Thursday, 4 February 2010

Enraged readers

After my Climategate piece an enraged reader wrote 'Holland is actually under sea level. Norwich isn't. I can't read past that elementary mistake'. I made a suitably gentle reply to the effect that there was no mistake as I had not said Holland or Norwich were above or below sea level but that both were perilously close to it. However, as I pondered the issue, ruminated on other comments I have received about the piece I have come to appreciate how passionate people are about the global warming debate. The term I would use about the dispute is 'bitter' and those who argue that there is a consensus and the science is settled really haven't looked at the literature or the blogs on this. Henry Kissinger was once asked why academic disputes were so bitter? His pithy reply: 'it is because they have so little to lose'. We often forget that in academic life the coinage is reputation and in this debate there are a lot of reputations to lose.

One result of reading this literature was that I dug out some doctoral work performed by a student of mine in the early 90's. The sudent concerned was attempting to establish whether Kondratieff's could be discovered in the historical evidence of economic activity. Kondratieff's are cycles of 70 years or more. Our investigation took us to the tin mines of Cornwall and the records of their output which go back to the 10th century. No Kondfratieff's. We also looked at output of bread from the manors and also battle fatalities. No evidence of Kondratieff's. The disappointed student attempted a wide range of statistical and mathematical techniques including Fourier Analaysis but still no evidence in the data of a long cycle. What did emerge was a medium strength cycle centred around 11.4 years - information from the Royal Observatory at Greenwich confirmed that we had picked up the solar sunspot cyles in the data. Key question: why should sunspots affect the mining of tin? Our best hypothesis was that mining and agricultural labour are interdependent activities. When the harvests are plentiful people stick to farming, when times are not so good they go down the mines. So, a very tiny example of the impact the changing sun has on climate.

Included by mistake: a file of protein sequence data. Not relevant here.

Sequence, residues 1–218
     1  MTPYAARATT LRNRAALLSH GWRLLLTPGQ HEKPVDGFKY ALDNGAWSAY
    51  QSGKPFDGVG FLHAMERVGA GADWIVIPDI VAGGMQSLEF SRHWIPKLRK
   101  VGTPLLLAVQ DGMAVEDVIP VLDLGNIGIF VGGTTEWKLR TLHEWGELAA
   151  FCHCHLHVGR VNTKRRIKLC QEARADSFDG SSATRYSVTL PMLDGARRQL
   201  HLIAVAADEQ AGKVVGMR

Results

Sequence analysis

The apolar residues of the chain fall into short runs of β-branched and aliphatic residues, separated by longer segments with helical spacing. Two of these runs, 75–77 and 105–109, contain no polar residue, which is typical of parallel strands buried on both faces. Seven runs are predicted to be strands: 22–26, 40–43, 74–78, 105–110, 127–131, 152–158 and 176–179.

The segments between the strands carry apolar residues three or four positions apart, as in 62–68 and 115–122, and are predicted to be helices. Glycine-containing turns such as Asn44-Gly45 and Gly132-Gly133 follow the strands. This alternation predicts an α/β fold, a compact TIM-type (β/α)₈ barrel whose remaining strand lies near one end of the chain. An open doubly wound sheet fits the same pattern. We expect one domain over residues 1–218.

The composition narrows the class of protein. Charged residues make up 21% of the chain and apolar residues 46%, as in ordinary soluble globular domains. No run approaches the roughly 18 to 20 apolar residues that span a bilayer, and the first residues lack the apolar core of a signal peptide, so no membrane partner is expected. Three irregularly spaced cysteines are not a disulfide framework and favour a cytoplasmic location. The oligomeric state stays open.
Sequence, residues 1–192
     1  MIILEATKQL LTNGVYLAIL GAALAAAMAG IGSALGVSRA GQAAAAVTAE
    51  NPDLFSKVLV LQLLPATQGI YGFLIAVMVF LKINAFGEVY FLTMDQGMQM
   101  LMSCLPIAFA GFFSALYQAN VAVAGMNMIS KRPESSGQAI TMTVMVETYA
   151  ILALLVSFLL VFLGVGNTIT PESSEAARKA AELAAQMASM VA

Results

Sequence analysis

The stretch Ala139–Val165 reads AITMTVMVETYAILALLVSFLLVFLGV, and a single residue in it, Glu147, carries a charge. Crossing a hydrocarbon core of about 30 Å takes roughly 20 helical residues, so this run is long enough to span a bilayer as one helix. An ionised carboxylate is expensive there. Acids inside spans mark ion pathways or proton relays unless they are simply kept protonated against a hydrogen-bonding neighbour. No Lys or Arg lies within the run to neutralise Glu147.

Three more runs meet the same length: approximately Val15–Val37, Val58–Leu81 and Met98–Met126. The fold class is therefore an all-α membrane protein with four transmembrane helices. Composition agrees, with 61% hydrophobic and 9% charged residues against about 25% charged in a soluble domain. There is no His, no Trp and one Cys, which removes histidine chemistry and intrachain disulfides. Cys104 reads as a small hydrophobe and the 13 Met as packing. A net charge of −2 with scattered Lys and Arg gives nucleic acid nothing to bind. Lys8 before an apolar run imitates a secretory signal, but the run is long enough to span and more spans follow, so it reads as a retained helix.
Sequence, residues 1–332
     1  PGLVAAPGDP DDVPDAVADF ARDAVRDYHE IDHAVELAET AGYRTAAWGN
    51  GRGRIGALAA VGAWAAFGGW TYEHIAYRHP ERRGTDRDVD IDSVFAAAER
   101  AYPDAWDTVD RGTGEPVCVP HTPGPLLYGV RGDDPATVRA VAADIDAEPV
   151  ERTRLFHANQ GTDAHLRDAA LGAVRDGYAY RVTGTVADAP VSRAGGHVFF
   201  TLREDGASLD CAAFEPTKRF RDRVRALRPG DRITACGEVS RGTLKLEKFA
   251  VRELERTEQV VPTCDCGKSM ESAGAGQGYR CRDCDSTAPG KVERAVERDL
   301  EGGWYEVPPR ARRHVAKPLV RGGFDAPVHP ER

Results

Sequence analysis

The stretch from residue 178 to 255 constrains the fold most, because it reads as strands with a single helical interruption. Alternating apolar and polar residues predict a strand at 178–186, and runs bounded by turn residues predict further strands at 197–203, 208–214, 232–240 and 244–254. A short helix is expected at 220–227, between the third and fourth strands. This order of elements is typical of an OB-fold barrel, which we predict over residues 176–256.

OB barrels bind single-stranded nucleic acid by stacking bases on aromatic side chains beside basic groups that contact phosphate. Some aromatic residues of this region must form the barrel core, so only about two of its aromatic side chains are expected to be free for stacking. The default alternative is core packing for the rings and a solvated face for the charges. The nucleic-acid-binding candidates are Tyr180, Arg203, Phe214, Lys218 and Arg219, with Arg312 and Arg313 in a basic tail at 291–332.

Which leads me to my concluding thought on the vexed debate on the causes of climate change. To paraphrase Clinton's dictum: 'it's the sun stupid'. Maybe.

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